With the release of the Intergenerational Report: Australia in 2055, the Government has once again demonstrated that it does not realise the potential impact of climate change and is more interested in the economy than the environment.
Rather than being an independent, bipartisan, non-political document, the report has delivered:
Politicised projections calibrated to demands of the daily news cycle, not the challenges of the next 40 years. (The Age)
Dr Karl Kruszelnicki, a well-known Australian science communicator and populariser, who fronted the Government’s advertising campaign for the report, has since distanced himself from the document. He believes he was misled into putting his name to a “flawed piece of work” that, despite assurances otherwise, is “highly political and largely ignores the impact of climate change”.
While the full report does have some discussion of climate change, the 24 page report overview (which most people will read) does not. Although the Treasurer, Joe Hockey, describes the report in its forward as a “social compact between the generations” at a “critical juncture in our history”; climate change – one of the biggest issues facing future generations – is not even mentioned.
The full report does a bit better. Climate change gets 12 mentions in the nearly 50,000 word report. It gets a couple of mentions in a discussion of the Great Barrier Reef, a couple when discussing the Government’s Clean Air Plan, and one mention in relation to the Antarctica and the Government’s investment in science. The rest are in a section devoted to climate change (pp. 40-42).
This discussion is set in the context of economic growth:
Achieving strong economic growth and strong environmental outcomes are complementary objectives. Policies that create strong economic growth and a sustainable budget will mean that government is better placed to invest in environmental protection. (p. 35)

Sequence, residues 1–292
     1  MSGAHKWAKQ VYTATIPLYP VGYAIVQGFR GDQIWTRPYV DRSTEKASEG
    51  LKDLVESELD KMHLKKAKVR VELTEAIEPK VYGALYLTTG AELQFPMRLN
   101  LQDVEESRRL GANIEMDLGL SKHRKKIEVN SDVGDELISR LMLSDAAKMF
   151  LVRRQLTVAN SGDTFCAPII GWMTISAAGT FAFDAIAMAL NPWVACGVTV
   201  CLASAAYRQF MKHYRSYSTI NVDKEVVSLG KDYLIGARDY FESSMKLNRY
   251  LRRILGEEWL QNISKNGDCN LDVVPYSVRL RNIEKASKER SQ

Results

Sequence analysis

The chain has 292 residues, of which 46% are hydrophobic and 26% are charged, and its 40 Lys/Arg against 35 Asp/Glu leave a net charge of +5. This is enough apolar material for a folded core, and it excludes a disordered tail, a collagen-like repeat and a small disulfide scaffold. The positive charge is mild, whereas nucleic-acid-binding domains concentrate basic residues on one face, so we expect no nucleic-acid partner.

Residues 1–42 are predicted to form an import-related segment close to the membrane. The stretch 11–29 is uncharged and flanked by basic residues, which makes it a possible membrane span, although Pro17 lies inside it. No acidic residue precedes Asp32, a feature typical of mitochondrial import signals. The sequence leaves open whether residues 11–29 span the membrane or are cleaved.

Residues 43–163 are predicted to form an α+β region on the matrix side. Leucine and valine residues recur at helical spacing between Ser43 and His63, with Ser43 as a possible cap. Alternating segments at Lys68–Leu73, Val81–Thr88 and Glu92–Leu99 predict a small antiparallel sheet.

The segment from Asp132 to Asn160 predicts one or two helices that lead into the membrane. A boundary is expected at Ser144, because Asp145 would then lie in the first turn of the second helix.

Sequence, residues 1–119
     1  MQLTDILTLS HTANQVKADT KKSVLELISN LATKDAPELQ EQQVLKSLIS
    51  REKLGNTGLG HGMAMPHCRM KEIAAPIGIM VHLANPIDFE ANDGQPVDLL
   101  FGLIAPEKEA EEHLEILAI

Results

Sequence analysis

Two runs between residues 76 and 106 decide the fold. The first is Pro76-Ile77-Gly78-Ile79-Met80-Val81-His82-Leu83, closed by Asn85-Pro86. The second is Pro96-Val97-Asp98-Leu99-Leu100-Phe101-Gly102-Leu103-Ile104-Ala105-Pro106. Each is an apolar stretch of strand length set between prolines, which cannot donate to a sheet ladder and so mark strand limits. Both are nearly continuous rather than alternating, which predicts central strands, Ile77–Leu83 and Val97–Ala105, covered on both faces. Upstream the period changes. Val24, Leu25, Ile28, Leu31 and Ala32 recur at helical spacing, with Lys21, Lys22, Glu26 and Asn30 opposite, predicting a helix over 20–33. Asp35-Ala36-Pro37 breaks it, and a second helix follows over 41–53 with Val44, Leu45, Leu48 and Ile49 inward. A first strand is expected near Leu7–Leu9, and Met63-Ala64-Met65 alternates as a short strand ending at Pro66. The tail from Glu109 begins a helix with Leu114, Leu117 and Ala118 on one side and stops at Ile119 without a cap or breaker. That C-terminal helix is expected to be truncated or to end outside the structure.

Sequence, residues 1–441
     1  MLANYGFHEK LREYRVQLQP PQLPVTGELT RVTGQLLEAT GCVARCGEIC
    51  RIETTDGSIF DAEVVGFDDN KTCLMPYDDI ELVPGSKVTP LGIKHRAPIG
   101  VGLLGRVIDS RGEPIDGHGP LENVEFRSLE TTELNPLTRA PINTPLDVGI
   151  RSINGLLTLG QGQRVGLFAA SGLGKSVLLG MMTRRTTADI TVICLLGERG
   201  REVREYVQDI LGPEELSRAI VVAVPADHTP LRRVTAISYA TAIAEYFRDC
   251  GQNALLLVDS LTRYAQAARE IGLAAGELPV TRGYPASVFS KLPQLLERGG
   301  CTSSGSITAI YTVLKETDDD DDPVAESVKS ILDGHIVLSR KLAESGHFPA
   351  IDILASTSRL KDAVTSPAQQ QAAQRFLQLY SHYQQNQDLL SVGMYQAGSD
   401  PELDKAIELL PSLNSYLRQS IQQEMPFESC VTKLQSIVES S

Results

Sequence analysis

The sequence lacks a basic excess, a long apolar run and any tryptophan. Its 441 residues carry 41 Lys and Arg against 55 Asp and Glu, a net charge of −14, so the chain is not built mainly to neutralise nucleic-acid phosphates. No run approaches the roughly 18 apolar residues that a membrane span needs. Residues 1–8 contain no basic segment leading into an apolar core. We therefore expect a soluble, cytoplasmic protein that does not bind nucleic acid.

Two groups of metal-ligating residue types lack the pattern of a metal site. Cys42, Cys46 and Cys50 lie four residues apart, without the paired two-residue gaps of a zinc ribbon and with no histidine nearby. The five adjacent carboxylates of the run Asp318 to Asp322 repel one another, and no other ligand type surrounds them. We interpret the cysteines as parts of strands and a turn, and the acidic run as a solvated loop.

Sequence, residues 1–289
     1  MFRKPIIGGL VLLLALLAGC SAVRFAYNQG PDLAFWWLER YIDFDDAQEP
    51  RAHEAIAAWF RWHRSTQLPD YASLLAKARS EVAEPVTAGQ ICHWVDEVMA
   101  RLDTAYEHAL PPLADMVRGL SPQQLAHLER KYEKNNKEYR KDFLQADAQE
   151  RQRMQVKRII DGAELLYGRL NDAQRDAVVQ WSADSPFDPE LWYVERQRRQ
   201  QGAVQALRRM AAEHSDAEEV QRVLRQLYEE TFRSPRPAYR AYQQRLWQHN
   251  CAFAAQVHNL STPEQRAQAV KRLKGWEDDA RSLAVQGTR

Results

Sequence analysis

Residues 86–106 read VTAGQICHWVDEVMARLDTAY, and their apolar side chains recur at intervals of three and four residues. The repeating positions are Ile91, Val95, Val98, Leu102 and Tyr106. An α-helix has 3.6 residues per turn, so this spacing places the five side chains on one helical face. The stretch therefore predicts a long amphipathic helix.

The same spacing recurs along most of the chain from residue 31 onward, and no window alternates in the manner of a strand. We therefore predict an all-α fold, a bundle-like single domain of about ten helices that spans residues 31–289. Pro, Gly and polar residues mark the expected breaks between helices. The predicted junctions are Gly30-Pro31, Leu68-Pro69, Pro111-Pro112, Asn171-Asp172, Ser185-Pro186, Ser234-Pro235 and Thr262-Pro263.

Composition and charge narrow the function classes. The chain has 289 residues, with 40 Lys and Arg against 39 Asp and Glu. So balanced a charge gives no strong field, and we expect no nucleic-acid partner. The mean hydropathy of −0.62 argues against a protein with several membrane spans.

Most of the focus is on the Government’s Emissions Reduction Fund (ERF) and how it will
Reduce Australia’s emissions through direct investment in projects that improve the environment and increase productivity. By achieving verified domestic emissions reductions through incentives, the ERF will avoid achieving such reductions simply by driving domestic production offshore — a process which would cost Australian jobs for no decrease in global emissions. (p. 40)
The closest it comes to discussing the potential consequences of climate change is in a small section discussing how the Government has committed $9 million over three years to re-fund the National Climate Change Adaptation Research Facility and “more than $23 million” over six years “to an Earth Systems research hub to improve our understanding of how the climate system may change in the future” (p. 42). In the introduction to this promotion of the government’s response to climate change, the reports states:
Governments must continue to plan for the potential economic and environmental effects of climate change. Some economic effects may be beneficial — where regions become warmer or wetter this may allow for increased agricultural output — while others may be harmful. For example, lower rainfall may reduce crop yields, or transport infrastructure (such as roads, ports and rail networks) may become more susceptible to damage from extreme weather events.
The emphasis of the report is clear. If we ignore general words like Australia, projection and government, four of the five most frequently used terms are economic.
The report is another missed opportunity. It is simply not good enough that the Government continues to ignore climate change, to minimise its potential impact and to promote economic growth regardless of environmental impacts.
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